We hope that people will use the dashboard to explore the economic strengths and weaknesses of specific communities, use the Index map to see who is doing well across the country overall and in specific metrics, and use the top ten to read about some particularly strong examples of regional economies.
- Why do all the counties with cities score so well?
Generally, more densely populated places have economic and cultural assets that more rural or suburban places do not, and the model picks up on this. So on one hand, it’s important to compare among similarly-sized places. That’s why we’ve organized the counties by size categories. So, when comparing large cities, it’s important to realize that a score of, say, 85 (as with Allegheny County, PA) is not as high relative to its geographic peers as a score of 85 for small communities. BUT, there are also many small communities that do well in our model. Look, for instance, at our top ten list for mid-sized counties. Or, look at the even smaller communities of Juneau, AK, or Wasatch, UT, for some high-scoring examples.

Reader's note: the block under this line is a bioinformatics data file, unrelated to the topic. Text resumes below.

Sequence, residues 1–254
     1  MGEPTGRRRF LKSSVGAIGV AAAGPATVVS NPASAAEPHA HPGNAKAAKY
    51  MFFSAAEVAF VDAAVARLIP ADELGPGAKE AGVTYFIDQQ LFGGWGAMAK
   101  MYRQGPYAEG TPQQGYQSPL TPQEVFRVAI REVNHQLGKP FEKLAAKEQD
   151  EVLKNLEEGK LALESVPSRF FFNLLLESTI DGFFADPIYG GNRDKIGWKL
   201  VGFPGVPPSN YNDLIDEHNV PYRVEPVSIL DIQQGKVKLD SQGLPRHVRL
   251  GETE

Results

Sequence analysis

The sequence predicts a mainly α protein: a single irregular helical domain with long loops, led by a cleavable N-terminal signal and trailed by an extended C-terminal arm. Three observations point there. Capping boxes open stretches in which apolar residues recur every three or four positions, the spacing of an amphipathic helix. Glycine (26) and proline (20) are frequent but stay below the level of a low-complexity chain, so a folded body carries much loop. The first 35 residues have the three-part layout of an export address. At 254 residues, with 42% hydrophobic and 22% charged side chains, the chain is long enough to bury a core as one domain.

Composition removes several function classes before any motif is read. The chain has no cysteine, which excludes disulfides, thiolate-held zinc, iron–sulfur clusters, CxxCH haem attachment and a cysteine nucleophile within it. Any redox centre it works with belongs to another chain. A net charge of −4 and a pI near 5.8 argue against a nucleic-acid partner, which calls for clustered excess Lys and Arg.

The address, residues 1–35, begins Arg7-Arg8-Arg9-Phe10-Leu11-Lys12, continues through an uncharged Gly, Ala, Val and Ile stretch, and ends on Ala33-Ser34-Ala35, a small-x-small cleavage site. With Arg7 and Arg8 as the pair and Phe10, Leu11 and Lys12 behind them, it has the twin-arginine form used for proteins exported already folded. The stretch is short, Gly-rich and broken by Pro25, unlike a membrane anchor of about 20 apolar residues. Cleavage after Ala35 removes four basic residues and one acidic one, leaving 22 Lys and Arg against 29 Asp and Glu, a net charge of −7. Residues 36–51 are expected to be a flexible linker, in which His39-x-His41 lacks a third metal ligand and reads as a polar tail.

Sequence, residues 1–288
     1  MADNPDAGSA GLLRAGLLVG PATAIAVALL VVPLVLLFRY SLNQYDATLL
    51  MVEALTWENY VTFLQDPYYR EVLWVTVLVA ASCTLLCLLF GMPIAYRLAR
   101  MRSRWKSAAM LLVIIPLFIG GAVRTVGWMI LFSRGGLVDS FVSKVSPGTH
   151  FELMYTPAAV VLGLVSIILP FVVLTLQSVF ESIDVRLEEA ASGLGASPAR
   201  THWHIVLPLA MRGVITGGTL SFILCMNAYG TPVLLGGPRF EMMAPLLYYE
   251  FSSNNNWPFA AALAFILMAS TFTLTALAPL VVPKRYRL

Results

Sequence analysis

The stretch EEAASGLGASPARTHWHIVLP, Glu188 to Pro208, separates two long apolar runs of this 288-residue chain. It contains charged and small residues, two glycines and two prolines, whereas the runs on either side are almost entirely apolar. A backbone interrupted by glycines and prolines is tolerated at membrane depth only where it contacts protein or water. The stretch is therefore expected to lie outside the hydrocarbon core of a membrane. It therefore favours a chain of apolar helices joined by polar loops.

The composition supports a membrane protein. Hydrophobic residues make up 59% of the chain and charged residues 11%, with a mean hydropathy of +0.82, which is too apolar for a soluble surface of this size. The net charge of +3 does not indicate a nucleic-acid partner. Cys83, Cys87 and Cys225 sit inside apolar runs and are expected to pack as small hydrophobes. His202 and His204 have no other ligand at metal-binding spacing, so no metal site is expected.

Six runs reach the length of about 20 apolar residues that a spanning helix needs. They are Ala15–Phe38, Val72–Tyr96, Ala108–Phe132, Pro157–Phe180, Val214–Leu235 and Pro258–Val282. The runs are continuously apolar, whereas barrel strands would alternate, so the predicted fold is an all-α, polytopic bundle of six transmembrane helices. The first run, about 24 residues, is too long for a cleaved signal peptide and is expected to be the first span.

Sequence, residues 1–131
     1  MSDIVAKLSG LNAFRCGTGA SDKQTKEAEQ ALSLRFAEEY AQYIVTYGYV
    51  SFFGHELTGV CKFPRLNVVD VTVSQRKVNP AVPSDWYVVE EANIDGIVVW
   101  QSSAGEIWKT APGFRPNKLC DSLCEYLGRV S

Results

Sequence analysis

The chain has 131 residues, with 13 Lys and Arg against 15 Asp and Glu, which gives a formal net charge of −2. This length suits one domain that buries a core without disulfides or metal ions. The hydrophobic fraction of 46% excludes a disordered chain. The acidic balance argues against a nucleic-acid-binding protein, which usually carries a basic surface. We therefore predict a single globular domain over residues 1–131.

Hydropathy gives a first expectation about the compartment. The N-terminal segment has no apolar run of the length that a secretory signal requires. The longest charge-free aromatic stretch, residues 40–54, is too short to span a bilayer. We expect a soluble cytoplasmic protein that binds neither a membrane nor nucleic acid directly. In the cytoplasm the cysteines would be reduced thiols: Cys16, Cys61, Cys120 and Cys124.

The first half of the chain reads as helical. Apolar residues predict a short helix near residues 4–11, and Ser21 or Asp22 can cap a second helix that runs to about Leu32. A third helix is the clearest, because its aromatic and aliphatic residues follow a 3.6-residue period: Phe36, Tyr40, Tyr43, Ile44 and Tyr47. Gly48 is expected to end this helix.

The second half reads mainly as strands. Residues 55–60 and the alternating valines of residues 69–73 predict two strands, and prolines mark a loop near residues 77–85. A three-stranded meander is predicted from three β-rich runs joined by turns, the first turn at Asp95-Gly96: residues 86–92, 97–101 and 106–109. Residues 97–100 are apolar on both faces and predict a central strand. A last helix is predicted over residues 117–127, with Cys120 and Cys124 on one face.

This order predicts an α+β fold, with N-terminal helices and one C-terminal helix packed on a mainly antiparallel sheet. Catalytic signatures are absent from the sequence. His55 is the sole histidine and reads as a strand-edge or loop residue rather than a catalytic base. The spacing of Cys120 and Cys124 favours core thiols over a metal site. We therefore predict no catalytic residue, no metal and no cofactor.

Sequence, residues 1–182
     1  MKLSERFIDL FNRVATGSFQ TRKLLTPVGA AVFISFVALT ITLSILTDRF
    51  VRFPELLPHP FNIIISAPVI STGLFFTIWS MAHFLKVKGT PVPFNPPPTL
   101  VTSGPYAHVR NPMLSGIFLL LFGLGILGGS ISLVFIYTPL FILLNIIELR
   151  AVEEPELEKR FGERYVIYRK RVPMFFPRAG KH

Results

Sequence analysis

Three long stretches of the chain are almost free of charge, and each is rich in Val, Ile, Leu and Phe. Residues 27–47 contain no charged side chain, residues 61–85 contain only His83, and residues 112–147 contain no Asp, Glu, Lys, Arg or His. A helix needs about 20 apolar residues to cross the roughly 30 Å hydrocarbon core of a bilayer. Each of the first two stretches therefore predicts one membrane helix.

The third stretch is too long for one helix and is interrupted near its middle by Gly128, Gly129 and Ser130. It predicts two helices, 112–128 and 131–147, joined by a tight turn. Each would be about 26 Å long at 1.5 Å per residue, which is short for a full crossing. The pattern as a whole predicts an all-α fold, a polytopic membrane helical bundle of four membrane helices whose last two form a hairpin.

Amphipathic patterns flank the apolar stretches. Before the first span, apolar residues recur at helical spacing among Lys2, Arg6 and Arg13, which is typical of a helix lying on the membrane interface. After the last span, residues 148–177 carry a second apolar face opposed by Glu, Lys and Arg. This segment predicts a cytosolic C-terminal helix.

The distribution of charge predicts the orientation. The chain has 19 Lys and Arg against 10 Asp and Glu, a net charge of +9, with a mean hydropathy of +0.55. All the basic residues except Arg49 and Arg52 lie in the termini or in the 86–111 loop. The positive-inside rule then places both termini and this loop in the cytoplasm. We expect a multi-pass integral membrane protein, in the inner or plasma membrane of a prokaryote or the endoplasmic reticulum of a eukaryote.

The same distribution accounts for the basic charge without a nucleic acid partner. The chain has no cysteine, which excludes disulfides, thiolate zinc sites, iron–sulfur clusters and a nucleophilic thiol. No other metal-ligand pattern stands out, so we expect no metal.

- Why didn’t we look at counties with fewer than 20,000 people?
Many of the indicators that inform the index model are population-based statistics that have been collected from sources like the US Census Bureau. For small populations, these data are less reliable (i.e., come with greater margins of error) and can be more significantly influenced by single contributors (e.g., a company opening or closing), so for that reason, we’ve chosen not to include small, rural counties in this version of the model.
- Why did you analyze at a county level?
We analyzed at a county level because of the data set availability. It’s easy for us to combine indicators and to do a multi-county analysis for a region. For specific projects, we could apply the index model to other types of geographies, or conduct or more nuanced analysis (for geographies that are either larger or smaller than counties), but that is not part of this tool.
We see the Community Index as a starting point for communities, providing them with a baseline to help understand where they are doing well and see where there is room for improvement. Many of our most interesting projects stem from conversations with communities about where they are and where they want to be. Do you have a question you’d like us to answer? Reach out!